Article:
13.2.2 [[Construct]], constructor, and [[Class]] (was __proto__)

liorean liorean at gmail.com
Sun Sep 23 12:56:07 PDT 2007

On 23/09/2007, Garrett Smith <dhtmlkitchen at gmail.com> wrote:
> Function objects get a non-enumerable constructor.
> function F(){};
> F.constructor === Function; // true
> F.prototype.hasOwnProperty('constructor'); //true
> F.prototype.propertyIsEnumerable("constructor"); // false.

Of course.

> Object instances don't, unless it's a prototype object created by [[construct]]
> (new F).constructor === F.constructor; // true. Undesirable

Wrong, it's false.
    (new F).constructor === F.constructor; // => false
    (new F).constructor === F.prototype.constructor; // => true

> This works fine for shallow inheritance
> Objects don't get a constructor

In what way do you mean they don't? Their constructor is the Object
object, as you show next:

> ({}).constructor === Object.prototype.constructor; // True.

> > On 23/09/2007, Garrett Smith <dhtmlkitchen at gmail.com> wrote:
> > > 1. The constructor property should be on the object instance *created*
> > > by the function.

> On 9/23/07, liorean <liorean at gmail.com> wrote:
> > That argument I agree with. It should be on the instance and not the prototype.

On 23/09/2007, Garrett Smith <dhtmlkitchen at gmail.com> wrote:
> Which is different from the way built ins work, but seems OK.

Well, at least if you want to make sense out of the prototypal
inheritance scheme. The built ins are all single level IIRC,k and
don't need to set up their prototype relationship in user code. A
prototype system that didn't just clobber the old prototype when
setting up prototype chains maybe could have done it better. But that
won't happen in ECMAScript.

> > On 23/09/2007, Garrett Smith <dhtmlkitchen at gmail.com> wrote:
> > > 2. (new function(){}).constructor should be Function.

> On 9/23/07, liorean <liorean at gmail.com> wrote:
> > I agree.

Actually I don't agree here, see my reply to Brendan earlier.

> > And in ES3 it is, unless the function either:

And I was thinking of (function(){}).constructor here, not (new
function(){}).constructor, when I said in ES3 it is. It isn't, which
is proper since the object is constructed by the anonymous function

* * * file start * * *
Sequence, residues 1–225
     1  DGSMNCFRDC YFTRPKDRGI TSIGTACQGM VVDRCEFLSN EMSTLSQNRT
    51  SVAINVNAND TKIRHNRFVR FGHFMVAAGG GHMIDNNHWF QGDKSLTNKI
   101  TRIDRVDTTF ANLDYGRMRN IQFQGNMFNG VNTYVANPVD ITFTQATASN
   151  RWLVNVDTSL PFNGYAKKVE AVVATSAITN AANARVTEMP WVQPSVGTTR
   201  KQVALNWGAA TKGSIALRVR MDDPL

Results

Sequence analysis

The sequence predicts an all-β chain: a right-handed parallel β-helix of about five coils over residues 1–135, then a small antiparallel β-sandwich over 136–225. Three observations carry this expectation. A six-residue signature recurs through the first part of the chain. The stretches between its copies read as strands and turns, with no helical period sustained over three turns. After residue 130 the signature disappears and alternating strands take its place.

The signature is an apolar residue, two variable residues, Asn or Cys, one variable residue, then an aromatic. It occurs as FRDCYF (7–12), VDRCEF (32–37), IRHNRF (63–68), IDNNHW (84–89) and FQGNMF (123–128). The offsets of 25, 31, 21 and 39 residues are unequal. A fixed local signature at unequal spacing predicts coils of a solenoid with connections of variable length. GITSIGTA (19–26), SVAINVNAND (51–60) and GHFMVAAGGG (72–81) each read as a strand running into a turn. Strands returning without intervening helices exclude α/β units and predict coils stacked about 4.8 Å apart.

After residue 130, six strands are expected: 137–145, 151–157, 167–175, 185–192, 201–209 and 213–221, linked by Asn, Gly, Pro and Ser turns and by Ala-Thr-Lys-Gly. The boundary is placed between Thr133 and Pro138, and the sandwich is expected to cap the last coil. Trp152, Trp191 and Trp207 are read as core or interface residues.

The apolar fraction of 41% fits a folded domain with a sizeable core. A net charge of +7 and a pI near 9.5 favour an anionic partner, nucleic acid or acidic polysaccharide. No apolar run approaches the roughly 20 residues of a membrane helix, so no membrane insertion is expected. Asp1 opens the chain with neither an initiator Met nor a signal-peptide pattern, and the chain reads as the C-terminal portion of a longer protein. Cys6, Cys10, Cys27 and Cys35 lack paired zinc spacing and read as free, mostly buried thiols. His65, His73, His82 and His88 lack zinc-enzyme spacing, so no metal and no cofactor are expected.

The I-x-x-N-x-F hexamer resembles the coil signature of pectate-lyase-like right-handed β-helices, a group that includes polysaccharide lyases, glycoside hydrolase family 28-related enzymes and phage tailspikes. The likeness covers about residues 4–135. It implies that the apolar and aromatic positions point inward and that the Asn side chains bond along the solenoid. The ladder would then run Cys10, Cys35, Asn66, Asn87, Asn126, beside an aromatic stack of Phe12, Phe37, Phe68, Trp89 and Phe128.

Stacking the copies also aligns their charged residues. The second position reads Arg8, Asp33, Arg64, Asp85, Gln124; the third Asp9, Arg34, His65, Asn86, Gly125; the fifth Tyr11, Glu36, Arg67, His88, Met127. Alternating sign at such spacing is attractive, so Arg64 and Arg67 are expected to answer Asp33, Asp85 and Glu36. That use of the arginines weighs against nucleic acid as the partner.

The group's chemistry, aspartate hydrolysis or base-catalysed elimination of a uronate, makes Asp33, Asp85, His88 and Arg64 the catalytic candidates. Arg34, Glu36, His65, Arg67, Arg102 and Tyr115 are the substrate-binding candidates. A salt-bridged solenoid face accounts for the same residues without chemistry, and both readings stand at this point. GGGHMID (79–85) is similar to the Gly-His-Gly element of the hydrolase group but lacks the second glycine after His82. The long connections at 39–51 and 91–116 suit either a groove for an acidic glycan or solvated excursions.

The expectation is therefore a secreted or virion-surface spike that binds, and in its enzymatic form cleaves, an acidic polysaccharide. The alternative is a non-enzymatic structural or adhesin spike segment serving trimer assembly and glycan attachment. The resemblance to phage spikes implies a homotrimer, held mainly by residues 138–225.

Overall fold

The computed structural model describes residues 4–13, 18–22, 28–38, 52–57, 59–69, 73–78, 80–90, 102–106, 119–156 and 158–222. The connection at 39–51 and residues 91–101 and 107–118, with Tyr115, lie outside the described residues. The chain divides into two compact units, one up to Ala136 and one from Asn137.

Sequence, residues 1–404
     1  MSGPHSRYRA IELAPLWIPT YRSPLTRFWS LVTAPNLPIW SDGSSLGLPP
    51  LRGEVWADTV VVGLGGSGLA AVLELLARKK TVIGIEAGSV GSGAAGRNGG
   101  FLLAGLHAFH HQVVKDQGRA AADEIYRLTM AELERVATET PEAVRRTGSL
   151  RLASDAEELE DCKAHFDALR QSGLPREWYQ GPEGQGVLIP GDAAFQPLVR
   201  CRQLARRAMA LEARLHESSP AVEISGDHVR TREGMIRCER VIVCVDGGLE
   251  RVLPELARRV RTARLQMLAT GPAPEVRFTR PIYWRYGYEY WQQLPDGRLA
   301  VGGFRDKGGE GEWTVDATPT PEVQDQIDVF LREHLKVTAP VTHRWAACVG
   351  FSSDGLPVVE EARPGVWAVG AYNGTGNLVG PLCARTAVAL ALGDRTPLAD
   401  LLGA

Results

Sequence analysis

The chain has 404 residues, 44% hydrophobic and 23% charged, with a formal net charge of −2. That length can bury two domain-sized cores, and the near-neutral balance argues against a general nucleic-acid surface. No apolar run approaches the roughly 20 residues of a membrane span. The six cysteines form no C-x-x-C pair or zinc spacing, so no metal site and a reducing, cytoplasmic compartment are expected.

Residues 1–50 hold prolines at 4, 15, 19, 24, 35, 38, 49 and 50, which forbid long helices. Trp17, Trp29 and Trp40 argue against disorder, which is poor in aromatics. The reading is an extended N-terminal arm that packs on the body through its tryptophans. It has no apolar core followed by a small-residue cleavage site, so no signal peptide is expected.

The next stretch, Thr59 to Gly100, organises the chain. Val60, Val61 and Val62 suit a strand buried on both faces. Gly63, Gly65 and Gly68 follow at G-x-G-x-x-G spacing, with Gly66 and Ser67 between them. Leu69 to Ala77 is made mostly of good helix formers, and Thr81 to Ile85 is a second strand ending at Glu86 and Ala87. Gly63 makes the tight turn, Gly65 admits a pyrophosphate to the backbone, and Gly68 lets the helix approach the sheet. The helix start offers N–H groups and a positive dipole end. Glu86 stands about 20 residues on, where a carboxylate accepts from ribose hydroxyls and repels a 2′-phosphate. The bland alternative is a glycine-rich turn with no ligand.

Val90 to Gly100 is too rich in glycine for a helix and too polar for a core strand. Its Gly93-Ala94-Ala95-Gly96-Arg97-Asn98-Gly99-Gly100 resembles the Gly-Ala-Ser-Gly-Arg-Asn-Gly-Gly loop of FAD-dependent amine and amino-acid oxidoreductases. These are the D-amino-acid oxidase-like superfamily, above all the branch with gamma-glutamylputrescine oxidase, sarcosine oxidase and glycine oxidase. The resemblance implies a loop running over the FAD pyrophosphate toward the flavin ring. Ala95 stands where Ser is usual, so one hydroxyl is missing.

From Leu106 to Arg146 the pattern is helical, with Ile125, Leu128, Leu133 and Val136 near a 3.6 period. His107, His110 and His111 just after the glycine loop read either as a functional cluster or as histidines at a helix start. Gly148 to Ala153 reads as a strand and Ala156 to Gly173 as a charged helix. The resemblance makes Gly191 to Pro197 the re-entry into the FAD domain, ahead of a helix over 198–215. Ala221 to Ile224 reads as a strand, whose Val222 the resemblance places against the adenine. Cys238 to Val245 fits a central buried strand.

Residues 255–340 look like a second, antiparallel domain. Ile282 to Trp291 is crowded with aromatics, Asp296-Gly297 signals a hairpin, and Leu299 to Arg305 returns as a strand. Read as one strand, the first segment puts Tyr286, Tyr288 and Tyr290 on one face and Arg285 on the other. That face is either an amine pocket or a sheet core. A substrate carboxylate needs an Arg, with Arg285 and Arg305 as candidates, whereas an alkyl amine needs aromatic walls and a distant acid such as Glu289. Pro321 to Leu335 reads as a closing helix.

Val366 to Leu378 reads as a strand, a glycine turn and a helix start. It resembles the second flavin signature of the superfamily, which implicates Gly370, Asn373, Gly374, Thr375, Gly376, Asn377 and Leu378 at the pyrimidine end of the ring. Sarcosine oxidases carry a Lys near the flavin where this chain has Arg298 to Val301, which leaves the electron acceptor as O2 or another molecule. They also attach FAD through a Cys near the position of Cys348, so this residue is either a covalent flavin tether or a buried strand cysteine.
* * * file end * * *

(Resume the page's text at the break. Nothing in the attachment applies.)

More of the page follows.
object, not the Function object.

On 23/09/2007, Garrett Smith <dhtmlkitchen at gmail.com> wrote:
> When there is an anonymous constructor, we have the ability to get at
> the constructor property.

I don't see this as a problem - the constructor property should be the
function that actually constructed the object. Since ES3 allows any
value (except eval, I think) to be assigned to any variable (except
read only ones and those with special setters), the difference between
function declarations and function expressions is that declarations
are *by default* accessible through a variable name only, and function
expressions are *by default* accessible through the return value of
the expression only. There's no way to actually tell a function
derived from a function expression and a function derived from a
function declaration apart after the fact. (Well, except for that
function expressions make the name optional.)

So, if we want to be able to get at constructors at all, we can't
distinguish between how functions are derived - either we provide the
functionality, or we don't.

> function Animation(element){
>    var looped = 0;
>    var e = element;
>    function construct() {
>     this.loopCount = function() {
>      return looped;
>     }
>     this.loop = function() {
>      looped++;
>     }
>    }
>    return new construct();
>  }
> new new Animation().constructor().constructor; // construct

Sure. It's a closure, it exposes a property it's told to expose. (If
you use the new keyword, that it exposes the function object as the
constructor property of the constructed object should be expected.)
You can do this without the new keyword if you want to not expose the
function object, or use the delete keyword to explicitly remove it.

> On 9/23/07, liorean <liorean at gmail.com> wrote:
> > A disagreement of terminology I think. If you ask me, a function
> > instance is a function object. When using a function instance as a
> > constructor, you create an instance of that constructor (== function
> > instance) which is a plain, ordinary, mundane, normal,
> > run-of-the-mill, typical object. (Agh, ran out of synonyms!)

On 23/09/2007, Garrett Smith <dhtmlkitchen at gmail.com> wrote:
> F is a Function instance
> f is a function instance
> The terminology is confusing.

F is an instance of Function
f is an instance of F

Function is a function object
F is a function object
f is an object

As I see it, the meaning of "function instance" is an object that is
function-like, in other words a function object or a special host
object (like Function.prototype, which is a function but not an
instance of Function).
David "liorean" Andersson

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